Second, there’s nothing mandatory with an AVO. Perhaps a target is “offered” counselling, but it should be a mandatory six week to six month program with specialist assistance, paid for by the government. How is it that we can afford Jury Duty but we can’t afford this kind of support? Why? Do people in domestic violence situations deserve to be there? Is that the overall belief?

And what about the alleged psychopath who is served with the Apprehended Domestic Violence Order? Why isn’t there follow up with a mandatory six week to six month anger management course? Because according to police there needs to be a threat to life before anyone will take action against anyone. How is it ok for these people to be on the street??

So what I’m proposing is the minute that court hearing concludes and an Apprehended Domestic Violence Order is put in place (let’s hope the magistrate puts the correct address on the order to begin with … and that’s not tongue-in-cheek!) then these people set up six weeks of appointments for their mandatory counselling to get rehabilitated.

Will this stop one person in Australia dying each week at the hands of Domestic Violence? I don’t know – but I do know it’s enough to break the abuse cycle. I’m confident of that. I’m confident that it stops the time-wasting bullshit associated with our current AVO and domestic violence system that has things going in circles, and if anything – ironically, it supports the abuse cycle in itself and worse: it ties these two people together.

One lawyer went as far as to tell me that an AVO is the “ultimate control” against someone. Want a bet? The ultimate control is what you have, Rosie: it’s not just stepping away and forgetting it to keep safe – it’s owning what happened and helping others with your knowledge.

Rosie, people listen to you: please help. Not for me, but for the sake of the lives of so many other people.

I hope our legal systems and police will continue to listen to you and support you in your quest.

Best wishes,

Sarah.

The underworld of toxic shame and how to release it

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Like moss, shames grows in the dark. Vanquish it by bringing it into the light, Ross Rosenberg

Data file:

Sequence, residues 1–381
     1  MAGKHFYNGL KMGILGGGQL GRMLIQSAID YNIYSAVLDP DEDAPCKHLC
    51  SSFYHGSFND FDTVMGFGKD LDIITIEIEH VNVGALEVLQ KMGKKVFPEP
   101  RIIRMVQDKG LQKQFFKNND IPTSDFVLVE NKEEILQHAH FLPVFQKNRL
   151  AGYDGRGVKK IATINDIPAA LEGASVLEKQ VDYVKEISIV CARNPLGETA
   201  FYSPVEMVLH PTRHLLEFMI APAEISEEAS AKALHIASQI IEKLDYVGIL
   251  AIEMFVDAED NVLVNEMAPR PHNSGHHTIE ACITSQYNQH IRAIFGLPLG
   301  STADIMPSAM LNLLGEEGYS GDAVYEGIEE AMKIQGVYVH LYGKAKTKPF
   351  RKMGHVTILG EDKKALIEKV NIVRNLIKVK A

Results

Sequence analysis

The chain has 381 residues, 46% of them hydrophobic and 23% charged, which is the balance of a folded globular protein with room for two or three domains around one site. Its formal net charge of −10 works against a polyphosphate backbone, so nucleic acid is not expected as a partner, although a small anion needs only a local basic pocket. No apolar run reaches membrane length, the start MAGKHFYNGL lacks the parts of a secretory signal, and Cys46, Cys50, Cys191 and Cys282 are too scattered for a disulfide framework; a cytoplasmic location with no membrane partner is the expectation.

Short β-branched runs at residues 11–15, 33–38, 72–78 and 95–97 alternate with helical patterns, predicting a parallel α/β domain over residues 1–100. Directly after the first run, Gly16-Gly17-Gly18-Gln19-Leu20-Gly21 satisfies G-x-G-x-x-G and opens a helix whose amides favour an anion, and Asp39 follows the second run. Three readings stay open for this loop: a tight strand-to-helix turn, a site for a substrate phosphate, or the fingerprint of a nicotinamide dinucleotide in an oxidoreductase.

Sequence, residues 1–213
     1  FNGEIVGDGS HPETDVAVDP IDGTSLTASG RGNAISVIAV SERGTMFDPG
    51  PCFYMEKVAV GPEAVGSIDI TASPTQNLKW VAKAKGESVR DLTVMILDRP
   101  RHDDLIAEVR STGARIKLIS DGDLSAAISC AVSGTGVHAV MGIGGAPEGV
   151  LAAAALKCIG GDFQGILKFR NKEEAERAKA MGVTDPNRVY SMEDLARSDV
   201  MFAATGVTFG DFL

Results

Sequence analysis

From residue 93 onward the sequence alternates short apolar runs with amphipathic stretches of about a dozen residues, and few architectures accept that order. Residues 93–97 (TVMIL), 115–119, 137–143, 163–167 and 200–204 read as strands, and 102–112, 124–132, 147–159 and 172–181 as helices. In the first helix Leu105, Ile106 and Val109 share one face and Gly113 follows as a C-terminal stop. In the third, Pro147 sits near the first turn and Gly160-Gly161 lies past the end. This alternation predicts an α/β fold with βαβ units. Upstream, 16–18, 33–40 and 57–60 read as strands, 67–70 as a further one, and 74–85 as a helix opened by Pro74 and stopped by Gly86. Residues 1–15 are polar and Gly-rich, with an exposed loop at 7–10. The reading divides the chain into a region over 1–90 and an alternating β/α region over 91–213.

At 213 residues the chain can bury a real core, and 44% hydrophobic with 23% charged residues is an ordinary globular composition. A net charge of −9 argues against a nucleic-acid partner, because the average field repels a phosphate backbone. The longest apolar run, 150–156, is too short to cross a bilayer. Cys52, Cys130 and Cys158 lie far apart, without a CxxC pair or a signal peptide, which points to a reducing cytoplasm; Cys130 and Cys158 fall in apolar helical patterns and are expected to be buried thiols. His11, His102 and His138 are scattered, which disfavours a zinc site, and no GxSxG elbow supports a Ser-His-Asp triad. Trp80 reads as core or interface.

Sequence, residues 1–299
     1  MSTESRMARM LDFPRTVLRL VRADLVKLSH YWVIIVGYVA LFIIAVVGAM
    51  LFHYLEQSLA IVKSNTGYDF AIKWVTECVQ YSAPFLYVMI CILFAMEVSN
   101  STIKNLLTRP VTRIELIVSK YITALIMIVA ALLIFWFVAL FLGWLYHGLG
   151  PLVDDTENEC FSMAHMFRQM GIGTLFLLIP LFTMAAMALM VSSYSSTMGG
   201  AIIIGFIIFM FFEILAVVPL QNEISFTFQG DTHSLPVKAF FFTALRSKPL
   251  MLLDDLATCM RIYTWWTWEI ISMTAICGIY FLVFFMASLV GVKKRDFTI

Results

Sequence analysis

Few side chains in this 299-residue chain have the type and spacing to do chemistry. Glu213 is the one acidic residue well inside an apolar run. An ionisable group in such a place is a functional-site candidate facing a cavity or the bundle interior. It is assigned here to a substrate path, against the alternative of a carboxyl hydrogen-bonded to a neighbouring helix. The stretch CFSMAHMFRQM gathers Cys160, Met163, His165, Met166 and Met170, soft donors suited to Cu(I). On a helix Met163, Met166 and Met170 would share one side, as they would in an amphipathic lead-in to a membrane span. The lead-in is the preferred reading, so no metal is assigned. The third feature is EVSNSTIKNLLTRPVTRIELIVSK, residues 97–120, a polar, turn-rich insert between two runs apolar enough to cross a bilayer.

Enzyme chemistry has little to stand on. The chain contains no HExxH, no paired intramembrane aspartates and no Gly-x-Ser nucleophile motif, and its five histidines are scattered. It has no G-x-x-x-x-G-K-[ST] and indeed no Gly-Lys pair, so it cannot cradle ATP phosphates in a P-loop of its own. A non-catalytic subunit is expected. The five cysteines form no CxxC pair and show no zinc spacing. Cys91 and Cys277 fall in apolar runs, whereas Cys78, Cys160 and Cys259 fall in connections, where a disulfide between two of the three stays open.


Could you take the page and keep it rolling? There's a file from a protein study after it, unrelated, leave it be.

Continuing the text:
Have you ever been in a relationship where you were forced to feel overwhelming guilt just for being you? Your partner made you feel as though you were flawed in such a way there was nothing you could ever do to fix yourself? Did you believe you were fortunate to be with this person although they treated you terribly? Have you finally broken free of the relationship but you’re not sure if you will find someone who ever understands you?

You’re not alone in your experience. This is the underworld of toxic shame – what toxic and abusive people use against their targets to isolate them, degrade their self esteem and cause them to undermine their self worth.
Many people have come to me to describe their experience with toxic shame and their struggles to release it and move forward. If your partner has subjected you to toxic shame, is causing you to doubt yourself until your self worth has evaporated, and you’re feeling isolated and confused about who you are and what you should do next, this blog is for you. This week, Happiness Weekly looks at how you can release toxic shame and move on with a happier and more fulfilling life than what you currently have.

What is toxic shame?
According to John Bradshaw toxic shame is: “The feeling of being flawed and diminished and never measuring up. Toxic shame feels much worse than guilt. With guilt, you’ve done something wrong, but you can repair that – you can do something about it. With toxic shame, there’s something wrong with you and there’s nothing you can do about it, you are inadequate and defective”.

Still unsure? People who experience toxic shame demonstrate the following behaviours:
– Co-dependent
– Irrational paralysing feelings of worthlessness, humiliation, self loathing
– Stopped identifying with themselves or lacking a sense of self
– Other people bring them more peace than they feel they could ever bring to themselves
– When they’re hurting they are very quick to disengage, disconnect or detach
– They are comfortable being abused and often don’t recognise it – friends may see it first
– They feel completely unlovable and less-than human
Toxic shame is what holds us in toxic and abusive relationships and prevents us from leaving and people who are targeting you will depend on it to hold you there.
Experts say toxic shame is linked to childhood traumas, and while I agree this could trigger toxic shame in adult life – I don’t think it’s essential to have a traumatic shaming childhood experience in order to suffer from toxic shame as an adult.